Elizabeth Willis Barrett………………May 2021

The other day I was looking up a quote attributed to Mother Teresa.  I wanted to make sure she is the one who had said it. 

This is it:  “I will never attend an anti-war rally. If you have a peace rally, invite me”.

She was focused on the positive.  She didn’t want to be “anti” anything.  She wanted to be “for” something.

One of the google hits took me to someone’s Facebook page where Mother Teresa was quoted.  There were friendly responsive posts about this great woman.  But sadly there were some despicable things said about her with some hateful name calling.  I was astounded by the loathsome words used against a near saint who is known the world over for her acts of love and kindness. 

What kind of lives do those evil responders live?  Are they just scouring Social Media looking for anyone to ridicule and bring down with their hate?  

If Mother Theresa can be disparaged,  we’re all in trouble! 

I would like to say to those people, “Tell us who you are for, not who you are against.  And tell us what you are for, not what you are against.”

It’s pretty easy to announce what we’re against:  a political party, a religion, a people.  And we can find enormous amounts of information to back our negativity.  We could sit at the Internet for an entire lifetime and only get up to take care of necessities, and we would never run out of ugliness to feed our cynicism on certain subjects.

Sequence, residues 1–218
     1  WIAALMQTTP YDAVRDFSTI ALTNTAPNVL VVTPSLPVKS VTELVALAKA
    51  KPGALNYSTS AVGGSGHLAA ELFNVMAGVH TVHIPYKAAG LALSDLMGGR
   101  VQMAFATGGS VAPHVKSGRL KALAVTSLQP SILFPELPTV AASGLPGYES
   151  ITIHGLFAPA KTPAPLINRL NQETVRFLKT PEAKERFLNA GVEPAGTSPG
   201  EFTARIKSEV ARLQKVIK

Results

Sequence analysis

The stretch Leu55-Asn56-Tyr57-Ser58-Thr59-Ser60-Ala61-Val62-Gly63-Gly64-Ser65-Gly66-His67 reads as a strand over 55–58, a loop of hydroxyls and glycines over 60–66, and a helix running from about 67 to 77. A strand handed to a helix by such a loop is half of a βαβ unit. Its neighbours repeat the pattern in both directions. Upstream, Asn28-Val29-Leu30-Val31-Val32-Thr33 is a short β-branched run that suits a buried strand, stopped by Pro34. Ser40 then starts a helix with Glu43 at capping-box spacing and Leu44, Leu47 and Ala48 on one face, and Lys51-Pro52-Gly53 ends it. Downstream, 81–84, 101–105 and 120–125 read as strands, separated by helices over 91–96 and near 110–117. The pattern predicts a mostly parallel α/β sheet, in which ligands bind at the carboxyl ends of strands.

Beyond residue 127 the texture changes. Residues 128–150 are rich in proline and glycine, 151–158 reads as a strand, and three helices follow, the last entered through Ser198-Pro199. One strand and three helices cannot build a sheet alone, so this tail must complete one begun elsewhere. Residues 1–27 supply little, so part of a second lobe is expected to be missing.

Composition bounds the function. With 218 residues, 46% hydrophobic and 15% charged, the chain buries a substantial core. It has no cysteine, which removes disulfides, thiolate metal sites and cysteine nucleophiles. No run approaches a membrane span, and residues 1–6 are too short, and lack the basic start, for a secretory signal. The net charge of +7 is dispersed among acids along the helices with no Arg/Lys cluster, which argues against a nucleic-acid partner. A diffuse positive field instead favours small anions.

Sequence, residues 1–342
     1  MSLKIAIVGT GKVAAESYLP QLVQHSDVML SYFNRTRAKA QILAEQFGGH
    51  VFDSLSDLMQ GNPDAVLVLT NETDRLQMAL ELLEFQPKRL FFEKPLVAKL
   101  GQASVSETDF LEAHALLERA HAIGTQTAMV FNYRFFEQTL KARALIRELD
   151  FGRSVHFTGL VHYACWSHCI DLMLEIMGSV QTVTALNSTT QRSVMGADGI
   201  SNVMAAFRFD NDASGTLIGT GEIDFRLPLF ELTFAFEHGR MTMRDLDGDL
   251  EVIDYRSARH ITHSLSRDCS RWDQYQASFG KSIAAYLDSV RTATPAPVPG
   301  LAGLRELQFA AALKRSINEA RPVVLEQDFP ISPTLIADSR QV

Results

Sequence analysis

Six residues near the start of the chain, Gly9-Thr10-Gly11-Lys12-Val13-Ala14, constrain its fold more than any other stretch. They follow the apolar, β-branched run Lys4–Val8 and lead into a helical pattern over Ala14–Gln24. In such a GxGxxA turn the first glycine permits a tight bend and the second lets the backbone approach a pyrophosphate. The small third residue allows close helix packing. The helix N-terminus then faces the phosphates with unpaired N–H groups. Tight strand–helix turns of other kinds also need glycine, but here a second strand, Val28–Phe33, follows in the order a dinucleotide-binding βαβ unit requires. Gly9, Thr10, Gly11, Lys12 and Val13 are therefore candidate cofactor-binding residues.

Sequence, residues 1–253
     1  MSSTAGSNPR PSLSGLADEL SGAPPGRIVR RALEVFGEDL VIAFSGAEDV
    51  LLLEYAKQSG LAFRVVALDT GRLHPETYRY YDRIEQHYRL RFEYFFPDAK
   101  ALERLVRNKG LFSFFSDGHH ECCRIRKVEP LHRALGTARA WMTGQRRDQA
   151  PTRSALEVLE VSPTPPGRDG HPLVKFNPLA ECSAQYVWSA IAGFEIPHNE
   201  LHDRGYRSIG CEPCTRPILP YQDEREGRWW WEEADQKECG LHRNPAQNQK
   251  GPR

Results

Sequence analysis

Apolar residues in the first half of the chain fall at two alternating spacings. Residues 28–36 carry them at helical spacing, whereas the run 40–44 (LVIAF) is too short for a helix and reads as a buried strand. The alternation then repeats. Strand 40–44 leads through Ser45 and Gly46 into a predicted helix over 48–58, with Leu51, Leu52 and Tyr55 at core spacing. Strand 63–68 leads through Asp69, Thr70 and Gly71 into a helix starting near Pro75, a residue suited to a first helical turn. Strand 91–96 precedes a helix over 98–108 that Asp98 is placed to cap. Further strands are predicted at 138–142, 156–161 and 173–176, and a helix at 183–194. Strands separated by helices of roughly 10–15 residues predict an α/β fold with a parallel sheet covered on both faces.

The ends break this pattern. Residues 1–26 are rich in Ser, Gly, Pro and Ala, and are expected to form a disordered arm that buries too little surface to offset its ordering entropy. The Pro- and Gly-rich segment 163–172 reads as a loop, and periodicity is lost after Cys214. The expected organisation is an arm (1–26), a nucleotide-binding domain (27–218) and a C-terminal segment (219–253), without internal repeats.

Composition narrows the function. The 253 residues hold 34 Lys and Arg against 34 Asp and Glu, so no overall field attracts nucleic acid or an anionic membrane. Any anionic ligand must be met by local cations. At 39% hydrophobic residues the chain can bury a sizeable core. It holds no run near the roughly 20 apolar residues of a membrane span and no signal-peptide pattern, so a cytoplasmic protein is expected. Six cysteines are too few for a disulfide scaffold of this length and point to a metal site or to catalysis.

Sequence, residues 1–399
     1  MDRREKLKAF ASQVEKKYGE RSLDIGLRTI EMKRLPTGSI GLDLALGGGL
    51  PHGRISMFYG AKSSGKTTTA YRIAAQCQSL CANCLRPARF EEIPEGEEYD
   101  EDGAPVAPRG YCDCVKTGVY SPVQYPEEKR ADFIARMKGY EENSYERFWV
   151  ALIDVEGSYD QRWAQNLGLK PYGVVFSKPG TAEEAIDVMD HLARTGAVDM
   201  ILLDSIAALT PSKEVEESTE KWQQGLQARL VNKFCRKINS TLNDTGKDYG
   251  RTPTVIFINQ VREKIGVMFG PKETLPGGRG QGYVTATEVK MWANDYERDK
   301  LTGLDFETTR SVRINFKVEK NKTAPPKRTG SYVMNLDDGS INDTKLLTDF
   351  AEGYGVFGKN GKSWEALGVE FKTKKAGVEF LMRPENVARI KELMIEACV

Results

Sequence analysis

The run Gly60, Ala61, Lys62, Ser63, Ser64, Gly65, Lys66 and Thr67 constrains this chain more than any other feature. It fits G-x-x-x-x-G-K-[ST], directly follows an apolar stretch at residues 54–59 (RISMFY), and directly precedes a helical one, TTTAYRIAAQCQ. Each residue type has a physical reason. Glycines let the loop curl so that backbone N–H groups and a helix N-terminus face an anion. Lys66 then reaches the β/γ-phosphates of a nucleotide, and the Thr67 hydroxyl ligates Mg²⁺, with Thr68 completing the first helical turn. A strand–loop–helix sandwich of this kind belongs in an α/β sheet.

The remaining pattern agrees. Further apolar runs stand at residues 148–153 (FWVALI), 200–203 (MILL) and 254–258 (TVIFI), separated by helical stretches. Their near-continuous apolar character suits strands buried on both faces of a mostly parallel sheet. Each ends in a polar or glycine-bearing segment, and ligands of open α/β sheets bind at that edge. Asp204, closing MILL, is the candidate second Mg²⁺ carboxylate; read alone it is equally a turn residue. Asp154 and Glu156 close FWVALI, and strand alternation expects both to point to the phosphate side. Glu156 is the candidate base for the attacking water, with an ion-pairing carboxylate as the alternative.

We often look for the negative in individuals, too.  There isn’t one of us who isn’t full of quirky, unpleasant qualities—some we’re working on and some we’re not even aware of.  But most of us beat ourselves up enough for our lack of perfection.  We don’t need friends or family or the internet beating us up, too.  We would all hope that others could cut us some slack and be quick to point out our stellar attributes instead of our annoying ones.  

Looking for the negative can’t bring joy—especially if it’s true that you attract what you think about. 

So we should all do ourselves a favor and look for the good. 

And, like Mother Teresa, be for instead of against.